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Hotel occupancy ramping back up in Treasure Valley

After 2020, tourism industry leaders believe they could soon be back on track.
Credit: Jake King / Idaho Press
Staff at the Grove Hotel help check in guests on June 4, 2021. Hotels are seeing a return in business almost to levels seen in 2019 after a slow year due to the coronavirus pandemic.

BOISE, Idaho — The weekend of Boise State University’s graduation in May, The Grove Hotel’s lobby was full. Elevators slowed. And the quiet of the previous 15 months was replaced by a stirring chatter.

The scenes reminded Vicki Carley of what it was like before the coronavirus pandemic.

Carley, regional director of sales and marketing for The Grove Hotel, Courtyard by Marriott Boise Downtown and Hotel 43, caught a glimpse of what’s possible in the near future.

“It was very exciting for all hotels,” Carley said, “just to have that hustle and bustle back in their properties and taking care of the guests.”

Boise State University announced in May that Albertsons Stadium will allow full capacity for football games this fall. The Boise Airport is anticipating a 20% increase in travelers this summer compared to 2019. The Ford Idaho Center in Nampa is already hosting events without crowd-size restrictions.

With more and more people vaccinated and comfortable traveling, hotel occupancy rates are bumping up.

From January to April of 2020 vs. 2021, hotel occupancy in Boise bumped from 48.1% last year to 60.7% this year, according to the Idaho Department of Commerce. In Nampa, occupancy went from 51.9% to 65.5%.

The Department of Commerce only has statistics through April so far, but hoteliers said the percentages keep rising. Another indication of the return of busy hotels is that the average daily rate in Nampa has increased from $89.75 in the first four months of 2020 to $93.27 this year.

Boise’s average daily rate increased from $73.14 in April 2020 to $100.69 in April 2021, according to data from Smith Travel Research.

“I’ll never complain about a slow elevator again,” Carley said. “It’s like, ‘Oh my God, there’s laughter. There’s energy.’ That’s what I love about tourism.”

At the hotels Carley oversees, forecasts show occupancy rates each month will be up compared to last year anywhere between 32% and 80% from June until October. The numbers, Carley said, are approaching 2019’s but not quite there yet.

Both Carley and Matt Borud, marketing and innovation administrator for the Idaho Department of Commerce, have observed leisure travelers driving the spikes more than business travelers.

Since leisure travelers are making decisions independently, it may be easier for them to feel comfortable traveling rather than businesses that may be more cautious with groups of people, Borud explained.

“What isn’t back yet is business travel, conferences, meetings, events, large gatherings,” Borud said. “Those types of events that drive visitation. They’re coming back. It’s just a little slower than independent travel.”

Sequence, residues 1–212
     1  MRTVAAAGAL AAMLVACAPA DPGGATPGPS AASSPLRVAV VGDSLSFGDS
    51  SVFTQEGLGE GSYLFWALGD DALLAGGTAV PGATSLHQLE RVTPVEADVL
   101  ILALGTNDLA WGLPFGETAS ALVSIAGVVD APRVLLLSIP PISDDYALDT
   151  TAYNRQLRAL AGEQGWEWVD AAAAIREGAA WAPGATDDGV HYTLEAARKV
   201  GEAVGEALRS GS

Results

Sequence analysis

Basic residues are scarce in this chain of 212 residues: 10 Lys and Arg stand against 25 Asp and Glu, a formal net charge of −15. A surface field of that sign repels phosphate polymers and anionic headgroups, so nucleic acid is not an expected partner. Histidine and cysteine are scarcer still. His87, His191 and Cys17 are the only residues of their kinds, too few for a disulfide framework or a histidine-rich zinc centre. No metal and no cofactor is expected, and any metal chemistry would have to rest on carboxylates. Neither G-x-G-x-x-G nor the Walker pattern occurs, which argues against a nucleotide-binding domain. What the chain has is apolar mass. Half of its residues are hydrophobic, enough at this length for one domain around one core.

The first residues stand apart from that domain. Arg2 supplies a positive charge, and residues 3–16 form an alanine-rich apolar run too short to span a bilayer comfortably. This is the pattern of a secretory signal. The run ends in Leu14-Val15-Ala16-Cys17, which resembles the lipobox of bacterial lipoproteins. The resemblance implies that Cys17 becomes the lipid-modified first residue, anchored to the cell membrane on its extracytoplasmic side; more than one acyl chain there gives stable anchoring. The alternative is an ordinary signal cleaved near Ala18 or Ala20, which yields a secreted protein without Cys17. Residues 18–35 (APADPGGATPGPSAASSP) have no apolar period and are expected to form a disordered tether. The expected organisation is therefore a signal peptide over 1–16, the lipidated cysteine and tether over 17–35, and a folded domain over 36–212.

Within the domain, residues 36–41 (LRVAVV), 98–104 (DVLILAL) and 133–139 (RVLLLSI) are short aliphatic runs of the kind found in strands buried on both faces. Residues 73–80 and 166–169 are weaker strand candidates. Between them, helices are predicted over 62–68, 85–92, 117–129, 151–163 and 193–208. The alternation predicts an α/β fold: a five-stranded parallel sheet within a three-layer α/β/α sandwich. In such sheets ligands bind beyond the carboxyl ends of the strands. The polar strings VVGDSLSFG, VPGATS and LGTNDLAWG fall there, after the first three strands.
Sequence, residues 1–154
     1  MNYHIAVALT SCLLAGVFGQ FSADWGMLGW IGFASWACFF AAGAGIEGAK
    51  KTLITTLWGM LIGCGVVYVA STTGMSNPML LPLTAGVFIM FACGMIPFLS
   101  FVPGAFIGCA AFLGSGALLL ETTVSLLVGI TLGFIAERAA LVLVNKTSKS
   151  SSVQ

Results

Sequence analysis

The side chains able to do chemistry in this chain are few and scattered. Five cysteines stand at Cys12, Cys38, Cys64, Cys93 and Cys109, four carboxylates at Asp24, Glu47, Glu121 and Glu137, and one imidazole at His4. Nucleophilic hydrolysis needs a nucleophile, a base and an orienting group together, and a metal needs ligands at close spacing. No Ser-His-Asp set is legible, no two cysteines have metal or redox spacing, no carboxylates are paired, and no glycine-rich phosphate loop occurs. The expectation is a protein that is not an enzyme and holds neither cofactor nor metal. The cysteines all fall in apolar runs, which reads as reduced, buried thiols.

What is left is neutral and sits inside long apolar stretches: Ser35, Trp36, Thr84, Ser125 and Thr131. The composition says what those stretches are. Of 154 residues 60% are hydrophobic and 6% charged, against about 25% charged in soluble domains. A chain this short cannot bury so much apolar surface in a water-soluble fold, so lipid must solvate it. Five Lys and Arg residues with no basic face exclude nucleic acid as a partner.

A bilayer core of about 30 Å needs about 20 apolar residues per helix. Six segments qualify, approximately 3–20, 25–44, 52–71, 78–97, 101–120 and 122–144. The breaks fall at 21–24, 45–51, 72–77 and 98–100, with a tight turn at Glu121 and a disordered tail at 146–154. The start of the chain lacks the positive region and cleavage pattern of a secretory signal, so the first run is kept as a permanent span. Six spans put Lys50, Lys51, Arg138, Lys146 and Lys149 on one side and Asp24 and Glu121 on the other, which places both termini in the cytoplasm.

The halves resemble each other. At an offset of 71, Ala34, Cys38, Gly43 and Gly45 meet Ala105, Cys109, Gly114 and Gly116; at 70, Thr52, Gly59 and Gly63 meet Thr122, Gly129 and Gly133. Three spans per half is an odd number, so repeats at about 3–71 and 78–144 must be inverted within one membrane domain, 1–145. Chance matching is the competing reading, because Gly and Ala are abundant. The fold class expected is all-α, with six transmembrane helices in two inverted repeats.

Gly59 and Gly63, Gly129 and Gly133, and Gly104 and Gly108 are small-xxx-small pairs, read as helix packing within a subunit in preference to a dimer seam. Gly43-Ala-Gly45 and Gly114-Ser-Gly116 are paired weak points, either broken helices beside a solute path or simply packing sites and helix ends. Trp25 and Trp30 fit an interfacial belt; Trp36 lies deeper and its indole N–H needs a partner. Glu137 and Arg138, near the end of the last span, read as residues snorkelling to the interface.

In May, the Greater Boise Auditorium District collected $622,000 in lodging taxes, Boise Centre executive director Pat Rice said. That’s a huge increase compared to $125,000 in May 2020 and not too far off the $703,000 from May 2019.                     

It’s also $13,000 more than how much was collected in May 2018, a testament to how much Boise’s tourism has grown in recent years and how it has remained attractive through the pandemic.

Rice mentioned the Boise Centre has hosted four conventions in the past six weeks and inquiries are picking up.

“Should everything hold true,” Rice said, “we have the potential to have a record September, October and November.”

Boise Convention and Visitors Bureau Executive Director Carrie Westergard pointed to pent-up demand for travel playing a role, too.

Tourism in Boise had a record year in 2019. Already approaching that level has inspired lots of optimism, she added.

“The community should be really happy with those numbers and visitors returning in full strength,” Westergard said. “It’s really encouraging.”

Modern Hotel and Bar manager Polly Evett said the hotel has felt busier recently, partially because it is and partially because of being short-staffed.

Last year, the Modern was closed in April and May. In May 2019, it had a 77% occupancy rate. This past month, it was 86.6% full.

“I just think it’s because people have been trapped at home,” Evett said, “and now that they’re able to get out, they are getting out.”

Since the onset of the pandemic wrecked the tourism industry, leaders in the field projected a slow recovery. Borud said even as early as last summer, travel numbers exceeded expectations. This year, the uptick in leisure travel has been “incredibly encouraging,” he said.

The Treasure Valley’s outdoor opportunities were key in keeping the industry afloat last year, when it was “the only game in town,” Borud said. Eased restrictions means there are more things to do in 2021, but the outdoors could remain a key tourism driver.

“It’s still a pretty desirable activity, desirable escape, desirable destination,” Borud said. “That’s where Idaho is one of the finest destinations anywhere in the world.”

Several in the tourism industry are cautious about the future. They learned the hard way how unpredictable the pandemic could be. So they want to avoid any setbacks.

Still, they’re increasingly positive. BSU’s graduation weekend gave them a taste. Carley said most rooms in the area were taken.

More events returning to the calendar this year means more weekends like that one.

“It shows a lot of promise,” Carley said.

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